What was the most interesting tidbit that you learned while writing A Hope Undaunted?
Oh, so many cool things like the last orphan train was in 1929, women were legally declared as “persons” in the famous 1929 Persons’ Case in Canada, and sunglasses were invented in 1929 when an entrepreneur named Foster Grant sold them on the boardwalk of Atlantic City.
What are some of the challenges you face as an author?
Oh, gosh, tearing myself away from e-mails and other Internet-related activities that literally steal my time away from writing—that’s the first thing that comes to mind.
But I would have to say the toughest challenge has been staying grounded in what God wants for me versus what I want for me. Sure, I would love to be a bestselling author, but what does God want? I am learning (very painfully, I might add) that I must become less so that He can become more. But I will be the first to admit, that as a human being who thrives on the positive feedback of readers, this is a challenge that has taken me by surprise. My love for God has always been deeply passionate, but never have I encountered anything as difficult as this—staying focused on God rather than my books. One of my favorite Scriptures that I try to pray daily is 2nd Corinthians ll:3—“Do not let “my mind be led astray from the simplicity and purity of devotion to Christ.” Sigh. Easier said than done.
What aspects of being a writer do you enjoy the most?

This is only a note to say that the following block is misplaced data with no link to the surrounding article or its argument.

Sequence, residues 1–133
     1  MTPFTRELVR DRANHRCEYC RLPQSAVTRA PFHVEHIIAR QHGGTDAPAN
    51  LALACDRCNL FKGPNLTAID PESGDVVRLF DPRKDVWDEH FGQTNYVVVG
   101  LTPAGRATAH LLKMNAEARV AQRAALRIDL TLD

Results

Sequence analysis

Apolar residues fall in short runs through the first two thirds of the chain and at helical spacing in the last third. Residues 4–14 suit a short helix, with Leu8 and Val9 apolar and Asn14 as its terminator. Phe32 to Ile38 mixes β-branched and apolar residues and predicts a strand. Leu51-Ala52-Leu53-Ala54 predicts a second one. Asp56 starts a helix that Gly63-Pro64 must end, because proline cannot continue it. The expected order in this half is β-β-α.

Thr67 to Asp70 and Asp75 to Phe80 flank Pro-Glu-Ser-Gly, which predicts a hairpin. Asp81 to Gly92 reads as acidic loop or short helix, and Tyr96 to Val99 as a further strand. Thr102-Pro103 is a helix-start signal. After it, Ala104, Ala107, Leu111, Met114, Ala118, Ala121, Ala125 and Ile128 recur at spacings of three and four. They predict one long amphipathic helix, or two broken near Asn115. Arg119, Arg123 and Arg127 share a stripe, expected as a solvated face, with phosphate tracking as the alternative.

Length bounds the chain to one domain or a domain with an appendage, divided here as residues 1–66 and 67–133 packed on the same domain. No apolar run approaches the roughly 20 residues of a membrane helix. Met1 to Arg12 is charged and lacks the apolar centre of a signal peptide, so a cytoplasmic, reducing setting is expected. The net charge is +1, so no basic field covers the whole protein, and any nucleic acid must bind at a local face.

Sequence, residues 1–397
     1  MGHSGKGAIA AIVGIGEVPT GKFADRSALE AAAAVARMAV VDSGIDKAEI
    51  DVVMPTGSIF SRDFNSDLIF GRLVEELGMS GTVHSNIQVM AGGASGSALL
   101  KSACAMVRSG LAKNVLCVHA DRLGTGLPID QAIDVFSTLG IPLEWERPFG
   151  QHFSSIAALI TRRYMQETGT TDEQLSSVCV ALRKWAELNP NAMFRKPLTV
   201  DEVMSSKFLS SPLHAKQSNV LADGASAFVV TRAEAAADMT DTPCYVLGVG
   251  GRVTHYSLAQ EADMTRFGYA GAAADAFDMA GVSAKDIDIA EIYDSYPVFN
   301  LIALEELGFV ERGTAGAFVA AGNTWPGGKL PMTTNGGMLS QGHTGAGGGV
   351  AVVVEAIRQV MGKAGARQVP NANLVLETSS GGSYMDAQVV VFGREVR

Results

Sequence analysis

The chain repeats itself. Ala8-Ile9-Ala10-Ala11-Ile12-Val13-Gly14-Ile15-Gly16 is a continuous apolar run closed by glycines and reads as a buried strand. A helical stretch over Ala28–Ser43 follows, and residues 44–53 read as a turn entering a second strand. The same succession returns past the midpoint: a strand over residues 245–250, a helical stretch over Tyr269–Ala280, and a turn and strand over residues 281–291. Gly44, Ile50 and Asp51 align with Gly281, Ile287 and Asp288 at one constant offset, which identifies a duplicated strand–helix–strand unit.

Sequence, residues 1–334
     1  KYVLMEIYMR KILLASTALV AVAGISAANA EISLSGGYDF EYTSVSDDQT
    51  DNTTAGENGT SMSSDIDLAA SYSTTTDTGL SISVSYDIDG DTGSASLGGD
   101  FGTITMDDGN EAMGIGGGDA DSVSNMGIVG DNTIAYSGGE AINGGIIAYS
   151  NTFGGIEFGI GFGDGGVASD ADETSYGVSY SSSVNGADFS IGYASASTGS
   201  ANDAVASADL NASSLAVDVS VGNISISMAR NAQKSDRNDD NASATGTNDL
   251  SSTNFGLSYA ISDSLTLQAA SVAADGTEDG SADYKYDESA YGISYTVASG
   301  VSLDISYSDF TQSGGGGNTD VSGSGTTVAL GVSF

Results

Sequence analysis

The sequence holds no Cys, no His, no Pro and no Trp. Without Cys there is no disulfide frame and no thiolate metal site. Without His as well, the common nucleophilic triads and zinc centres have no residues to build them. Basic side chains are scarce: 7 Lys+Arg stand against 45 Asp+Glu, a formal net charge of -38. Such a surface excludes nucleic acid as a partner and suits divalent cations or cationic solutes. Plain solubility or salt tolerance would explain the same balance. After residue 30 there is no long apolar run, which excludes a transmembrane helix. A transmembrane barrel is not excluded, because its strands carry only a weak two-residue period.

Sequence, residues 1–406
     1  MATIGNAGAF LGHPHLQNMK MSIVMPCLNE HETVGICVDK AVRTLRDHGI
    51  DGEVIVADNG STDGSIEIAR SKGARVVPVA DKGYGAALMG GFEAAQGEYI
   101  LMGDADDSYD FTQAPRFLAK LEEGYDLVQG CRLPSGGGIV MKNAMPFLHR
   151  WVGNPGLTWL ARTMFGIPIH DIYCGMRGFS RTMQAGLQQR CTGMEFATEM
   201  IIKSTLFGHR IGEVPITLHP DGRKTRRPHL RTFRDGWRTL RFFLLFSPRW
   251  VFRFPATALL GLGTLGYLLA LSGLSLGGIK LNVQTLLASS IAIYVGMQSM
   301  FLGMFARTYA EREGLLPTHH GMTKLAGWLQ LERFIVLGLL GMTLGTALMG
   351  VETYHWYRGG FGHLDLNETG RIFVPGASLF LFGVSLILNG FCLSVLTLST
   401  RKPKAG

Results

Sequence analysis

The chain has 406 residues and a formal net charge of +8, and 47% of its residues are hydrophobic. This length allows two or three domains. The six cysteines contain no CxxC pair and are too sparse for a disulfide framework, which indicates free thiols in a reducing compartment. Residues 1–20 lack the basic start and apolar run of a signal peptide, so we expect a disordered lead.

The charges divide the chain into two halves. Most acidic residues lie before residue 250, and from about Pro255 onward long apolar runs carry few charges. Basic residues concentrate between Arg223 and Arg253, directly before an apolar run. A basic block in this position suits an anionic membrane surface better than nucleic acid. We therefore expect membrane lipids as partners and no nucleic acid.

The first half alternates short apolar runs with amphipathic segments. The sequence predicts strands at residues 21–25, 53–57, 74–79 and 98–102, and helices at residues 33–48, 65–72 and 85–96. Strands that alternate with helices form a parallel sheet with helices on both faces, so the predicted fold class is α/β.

The most? Oh, that’s a no-brainer—writing love scenes, of course! I like tension, lots and LOTS of romantic tension, so when I write those scenes, my keyboard is smoking because my fingers fly. In fact, one of my friends wanted to know why I couldn’t just write a nice, “sweet” love scene. Duh, because I would fall asleep! Even my husband noticed the fast and furious pace of my love scenes—he said he would be meandering along in a nice, easy passage and then, bam! A love scene would hit, and before he knew it, he was 20 pages down the road!
What was your favorite book (s) as a child?
Grin … Gone With the Wind.
What is your writing style? (Do you outline? Write “by-the-seat-of-your-pants? Or somewhere in between?)
Oh, you can pretty much crown me a “Seat of the Pants” Queen! I’m a first-line freak, whether beginning a book or a chapter, so all it takes is a key line popping into my brain (while on the treadmill or in the middle of the night), and I’m off and running.
However, with two 3-book series that chronicle fourteen characters in the O’Connor family from 1916 to 1932, I was forced to become somewhat of a plotter as well, creating an age/birthday/anniversary chart that would boggle the mind. In addition, I have created incredibly detailed synopses to help me keep all the plots straight for both primary characters and subordinates, WHICH if the “pantster” in me has its way, may or may not end up in the final story.
Do your characters begin to take on a life of their own as you write?
Oh, absolutely! As a seat-of-the-pants writer, my characters generally take me where they want to go, not the other way around. I cannot tell you how many times I have had a scene or a character’s actions laid out in my brain, only to have that character take me a completely different direction, totally altering my story from the original synopsis. In all honesty, I like when that happens because the spontaneous plot twists are often the ones that end up being the best.
What other new projects do you have on the horizon?